For the second straight year, on the same exact day, in the same exact scenario, the Canucks fell flat on their faces. I think if you could point to one determining factor in the series, it was that the Canucks just couldn't match the Blackhawks' drive and talent. Despite Shane O'Brien and Kevin Bieksa stepping up their games, they still couldn't quite match the impact Duncan Keith, Brent Seabrook, and even former Canuck Brent Sopel had for their teams. Jonathan Toews' drive to win was unmatched, Patrick Kane couldn't be contained, and Antti Niemi was just good enough to beat the Canucks.
In my previous post I said the number one to watch was Game 6. I kind of regret writing that now. I finished the game in its entirety, from the national anthem to the post-game interviews (more on that later) and I can't help but feel dissatisfied about the Canucks' effort. Asides from Kyle Wellwood, I don't think anybody brought their A-game. You could point out that several key players, including Sami Salo and Ryan Kesler, were playing with a considerable amount of pain, but both of them even said it's not an excuse. You play hurt in the playoffs. Yet, somehow, we dealt less mental and physical damage to the Hawks - if not, they certainly didn't show any weakness. Had we peppered Niemi with 50 shots I would've been a little more satisfied, but in an elimination game the Canucks only managed 30 and lacked the same intensity the Hawks showed all game. I don't like how the Canucks responded after a convincing win to force another game at GM Place. And that brings me to the post-game interviews.
I was never one of those that particularly liked Mike Gillis and Alain Vigneault's decision to make Roberto Luongo captain. I certainly was skeptical and noted how it was perhaps a sign that no one in the dressing room was fit to wear the 'C'. A little concerning, to say the least. After Luongo backstopped Canada to a gold medal and Henrik Sedin elevated his game to set a new franchise record in points in a season, a lot of questions about the Canucks were erased. But after last night's performance, the same questions are raised again. Is Luongo a big-game player? Are the Sedins too soft? Is our team deep enough? Is Luongo the right choice as captain? For me, at least, I know the answer to the last question is a resounding "no."
<img src="http://d.yimg.com/a/p/ap/20100512/capt.d97d09ba4ee34ce2be0fddfb75f3c7e9-d97d09ba4ee34ce2be0fddfb75f3c7e9-0.jpg"class="imageFloatLeftFramed">Why do I say that? Asides from a logistical perspective, having a goalie as a captain really limits the role of a captain. Because goalies cannot cross the red line, communicating with referees and other players can be quite difficult. For the most part, ceremonial face-offs and communication with the referees have been assigned to a committee of leaders rather than one singular individual. But I think the most telling part of the Canucks' playoff run were the post-game interviews. When bombarded with a plethora of questions regarding the Canucks' play, Luongo's most common answer was, "I don't know." Kelly Hrudey on CBC was highly critical of Luongo at his (apparent) refusal to comment on how poor his game was but that's not the reason I'm more than a little annoyed. As a captain and face of the franchise, an "I don't know" answer tells me that this team obviously lacks any clues as to why and how they lost. I realize that it takes days, even months, to digest a loss as devastating as this one, but certainly "I don't know" is not an answer. 94% of voters on The Province website said Luongo will not be captain next year.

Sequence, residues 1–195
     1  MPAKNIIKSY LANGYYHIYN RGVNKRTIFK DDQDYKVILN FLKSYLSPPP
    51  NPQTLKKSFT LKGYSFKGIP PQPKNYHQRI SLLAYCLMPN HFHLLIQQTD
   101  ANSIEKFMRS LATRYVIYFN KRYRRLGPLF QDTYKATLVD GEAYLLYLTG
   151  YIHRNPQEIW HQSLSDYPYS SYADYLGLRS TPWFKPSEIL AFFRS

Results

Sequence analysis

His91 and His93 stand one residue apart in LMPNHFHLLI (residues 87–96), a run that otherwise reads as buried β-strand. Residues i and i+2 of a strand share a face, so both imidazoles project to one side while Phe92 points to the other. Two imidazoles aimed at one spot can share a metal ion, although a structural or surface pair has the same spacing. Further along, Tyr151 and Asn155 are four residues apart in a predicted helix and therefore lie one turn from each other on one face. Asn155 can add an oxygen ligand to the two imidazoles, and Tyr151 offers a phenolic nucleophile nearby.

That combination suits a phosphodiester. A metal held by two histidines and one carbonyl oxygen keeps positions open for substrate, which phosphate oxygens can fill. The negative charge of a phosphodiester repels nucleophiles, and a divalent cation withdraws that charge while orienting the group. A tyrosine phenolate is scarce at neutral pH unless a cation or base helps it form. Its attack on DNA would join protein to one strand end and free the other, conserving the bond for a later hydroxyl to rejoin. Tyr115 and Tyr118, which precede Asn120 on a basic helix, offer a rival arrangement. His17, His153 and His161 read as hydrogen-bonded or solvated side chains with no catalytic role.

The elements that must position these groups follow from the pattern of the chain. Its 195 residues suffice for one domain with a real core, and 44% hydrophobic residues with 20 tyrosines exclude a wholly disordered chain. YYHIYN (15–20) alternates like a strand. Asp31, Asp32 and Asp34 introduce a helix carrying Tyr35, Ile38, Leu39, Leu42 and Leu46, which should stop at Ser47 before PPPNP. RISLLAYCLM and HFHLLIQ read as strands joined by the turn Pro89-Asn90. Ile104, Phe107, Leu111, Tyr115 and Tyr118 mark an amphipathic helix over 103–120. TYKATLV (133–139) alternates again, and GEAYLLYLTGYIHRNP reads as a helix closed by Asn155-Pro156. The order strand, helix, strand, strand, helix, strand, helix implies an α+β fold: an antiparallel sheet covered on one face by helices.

The most interesting interview, I thought, was the guy who had the least to say, and that was Ryan Kesler. "Words can't describe how I feel right now." Playing with a nagging shoulder injury, Kesler sounded like he was the Canuck that took the loss the hardest (although I'm sure everyone took the loss hard). Kesler's passion shows on the ice and he certainly didn't make any excuses. To him, the Canucks just came up short. Really short.
Vancouver fans are no stranger to disappointments. After 40 years of futility we've seen just about everything. But never have I ever seen any Canucks team fail to salute the fans after the end of the season. That perhaps was the most frustrating part of the game. Sure, most fans booed and with the way the Canucks showed up to this game I wouldn't want to stick around the rink any longer than I should, but there are fans who still cheer for them through the tough times and who still genuinely care. Vancouver's a passionate hockey town and for the team to ultimately disrespect their fans like that is discomforting. The majority of the fans left the rink with a sour taste in their mouths but that's no excuse to not acknowledge the support Vancouver fans have given the team all year.
I want an apology. Not so much for the poor performance in Game 6 but rather how the Canucks showed their appreciation to their fans.
I guess there's always next year.